by Holly Bennett
Published: January 2017
Publisher: Orca Book Publishers
The Cover Story
One minute Jack's in math class. The next, he's on a dark, cobblestoned, empty street. Empty, that is, except for a skinny girl wrapped in a threadbare shawl. "Matches, mister?" she asks, and just like that, Jack's life collides with one of Hans Christian Andersen's grimmest tales. And just when he has almost convinced himself it was just a weird dream, it happens again.
Suddenly, Jack's ideas about what is "real" or "possible" no longer apply. While he and his new girlfriend, Lucy, struggle to understand who or what the Match Girl is, they come to realize they must also find a way to keep Jack away from her. The Match Girl is not just a sad, lonely soul; she's dangerous. And each time Jack is drawn into her gray, solitary world, she becomes stronger, more alive...and more attached to Jack.
She wants to keep Jack for her very own, even if that means he will die.
Read an Excerpt from Drawn Away
THE STREET IS COMPLETELY deserted, except for the girl. And it’s dark, darker than it should be given the light that remains in the sky. Everything is gray and brown, as though the buildings, the cobblestones, the air itself have been tinged with soot.
I don’t know where I am or how I got here. Strangely, I am not terrified by this fact. I gaze down the street with a kind of calm curiosity, like you do sometimes in dreams. I am dreaming, I guess, but I know it’s a dream.
It’s hard to tell how long the street is. It fades away into shadow and mist when I try to see the end. I have a sudden conviction that there is nothing beyond the mist, just as I am somehow sure that there are no people behind the grimy windows of the buildings.
Hard to tell how old the girl is from here. She’s small, her little stick legs poking out of a bulky skirt.
I nearly jump out of my skin when she calls out. Her voice shatters the still air, and I realize how utterly silent it’s been until now.
“Matches…who’ll buy my matches?” It’s a quavery reed of a voice, but it carries through the silence.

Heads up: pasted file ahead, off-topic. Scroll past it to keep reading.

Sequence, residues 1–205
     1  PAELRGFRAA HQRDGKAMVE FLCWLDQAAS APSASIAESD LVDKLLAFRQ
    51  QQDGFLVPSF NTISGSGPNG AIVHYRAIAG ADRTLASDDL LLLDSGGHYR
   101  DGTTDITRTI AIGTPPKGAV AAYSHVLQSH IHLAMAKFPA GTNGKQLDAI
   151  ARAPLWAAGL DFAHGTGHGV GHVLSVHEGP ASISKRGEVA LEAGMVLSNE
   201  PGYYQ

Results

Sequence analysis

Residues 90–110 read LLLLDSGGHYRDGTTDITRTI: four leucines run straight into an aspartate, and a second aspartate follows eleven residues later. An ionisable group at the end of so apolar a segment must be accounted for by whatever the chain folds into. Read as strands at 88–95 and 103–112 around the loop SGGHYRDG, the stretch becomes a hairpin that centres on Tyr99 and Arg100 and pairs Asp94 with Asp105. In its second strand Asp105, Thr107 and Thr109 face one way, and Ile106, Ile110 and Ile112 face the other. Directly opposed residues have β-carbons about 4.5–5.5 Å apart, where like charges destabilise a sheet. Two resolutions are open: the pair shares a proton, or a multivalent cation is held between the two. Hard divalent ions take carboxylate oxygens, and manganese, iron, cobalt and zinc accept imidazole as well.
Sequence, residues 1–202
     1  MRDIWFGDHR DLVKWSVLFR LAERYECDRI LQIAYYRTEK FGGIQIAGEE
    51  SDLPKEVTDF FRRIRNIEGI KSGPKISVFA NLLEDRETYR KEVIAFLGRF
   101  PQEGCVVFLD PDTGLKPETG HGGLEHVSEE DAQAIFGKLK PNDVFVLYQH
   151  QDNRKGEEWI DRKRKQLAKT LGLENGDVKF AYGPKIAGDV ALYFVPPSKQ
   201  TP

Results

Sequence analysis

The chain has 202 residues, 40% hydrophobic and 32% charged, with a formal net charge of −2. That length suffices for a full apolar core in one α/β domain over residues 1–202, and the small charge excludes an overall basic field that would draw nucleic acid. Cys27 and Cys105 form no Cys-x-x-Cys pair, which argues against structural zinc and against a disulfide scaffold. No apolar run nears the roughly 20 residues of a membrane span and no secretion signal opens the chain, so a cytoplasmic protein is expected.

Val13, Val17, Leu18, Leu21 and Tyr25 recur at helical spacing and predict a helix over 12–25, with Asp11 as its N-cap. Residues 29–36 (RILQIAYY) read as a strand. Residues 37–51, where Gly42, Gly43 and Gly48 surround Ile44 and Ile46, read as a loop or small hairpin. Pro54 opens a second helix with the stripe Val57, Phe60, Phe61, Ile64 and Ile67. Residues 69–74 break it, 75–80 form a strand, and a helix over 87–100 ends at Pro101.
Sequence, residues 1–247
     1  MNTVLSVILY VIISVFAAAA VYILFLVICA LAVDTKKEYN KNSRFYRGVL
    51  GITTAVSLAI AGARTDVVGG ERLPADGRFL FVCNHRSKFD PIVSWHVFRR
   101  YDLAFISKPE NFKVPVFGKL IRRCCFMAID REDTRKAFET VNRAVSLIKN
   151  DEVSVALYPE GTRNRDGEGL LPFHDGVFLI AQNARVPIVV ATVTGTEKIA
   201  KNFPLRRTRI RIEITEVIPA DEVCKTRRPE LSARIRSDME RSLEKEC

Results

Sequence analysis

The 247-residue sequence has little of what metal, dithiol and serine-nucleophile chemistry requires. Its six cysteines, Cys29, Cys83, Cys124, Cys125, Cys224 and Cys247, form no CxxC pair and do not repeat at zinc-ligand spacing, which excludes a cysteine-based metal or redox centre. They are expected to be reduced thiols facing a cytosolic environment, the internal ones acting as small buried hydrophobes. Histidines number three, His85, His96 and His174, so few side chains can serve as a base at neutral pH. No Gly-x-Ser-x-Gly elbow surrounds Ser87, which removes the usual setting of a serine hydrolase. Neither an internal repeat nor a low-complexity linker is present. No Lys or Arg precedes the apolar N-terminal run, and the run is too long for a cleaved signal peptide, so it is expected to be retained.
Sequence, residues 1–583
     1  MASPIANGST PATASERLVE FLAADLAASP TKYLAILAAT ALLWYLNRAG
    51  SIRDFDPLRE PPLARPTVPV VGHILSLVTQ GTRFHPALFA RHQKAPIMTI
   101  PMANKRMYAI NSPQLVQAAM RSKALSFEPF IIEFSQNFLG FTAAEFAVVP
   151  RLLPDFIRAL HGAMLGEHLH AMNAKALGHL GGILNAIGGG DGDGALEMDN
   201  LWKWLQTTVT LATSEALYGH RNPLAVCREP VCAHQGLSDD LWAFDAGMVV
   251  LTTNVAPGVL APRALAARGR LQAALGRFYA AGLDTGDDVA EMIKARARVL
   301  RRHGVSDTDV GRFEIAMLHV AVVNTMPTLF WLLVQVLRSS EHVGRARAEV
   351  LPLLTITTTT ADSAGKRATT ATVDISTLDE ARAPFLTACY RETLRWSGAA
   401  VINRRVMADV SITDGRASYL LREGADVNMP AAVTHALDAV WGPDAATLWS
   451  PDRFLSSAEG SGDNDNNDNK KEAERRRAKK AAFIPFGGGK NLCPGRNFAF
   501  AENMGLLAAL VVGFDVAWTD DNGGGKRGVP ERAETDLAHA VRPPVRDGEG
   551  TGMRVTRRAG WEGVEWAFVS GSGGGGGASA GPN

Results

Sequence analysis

I hitch a breath and walk toward her. Even in my Nikes I can hear every footstep.
She stares at me like she’s, well, seen a ghost. Wide blue eyes too big for her pinched little face. Scrawny shoulders hunched under a thin shawl tied in the front. She’s small, all right, but maybe not as young as I thought. There’s a hint of breast swelling against the press of the shawl.
I’m embarrassed to have noticed this and wrench my eyes away. She’s looking at me kind of wildly, like the last thing she expected was an actual customer. Still, she squares her shoulders and asks, “Matches, Mister?”
“Um, no thanks.”
She nods, resigned, like she expected no more.
“What’s your name?” I ask. I can’t really think of any small talk that would be suitable— Come here often? Where the hell are we?
“I’m the match girl.” She’s polite but can’t quite hide the “well, duh” tone.
“Yes, but what’s your name? I’m Jack.” I’m not sure if I should offer to shake hands or something. She just looks at me blankly with those big eyes. I try again. “Where is everybody?”
Her thin shoulders lift in the sketchy suggestion of a shrug.
“Gone. Everyone’s gone. There’s only me left.” A puzzled glance. “And you.”
“Where did they go?” I ask.
Again the vague shrug. Then her gaze strays to the nearest alleyway. I can’t really see into it because of the gray light and the mist seeping out of its entrance. She sidles toward me. “I think it’s the mist,” she whispers. “It swallowed them up.”
I want to tell her that’s ridiculous, that mist doesn’t eat people, but I look again at the mouth of the alleyway—the mouth of the alleyway—and I can’t suppress the shudder that runs up my back. I glance away quickly so that it doesn’t—what? Notice me? There’s just something damn spooky about the way that mist oozes out and creeps along the pavement.
A sound snags my ears—very faint, but in the silence of this street I can hear it clearly enough. It’s music, music being played somewhere far away…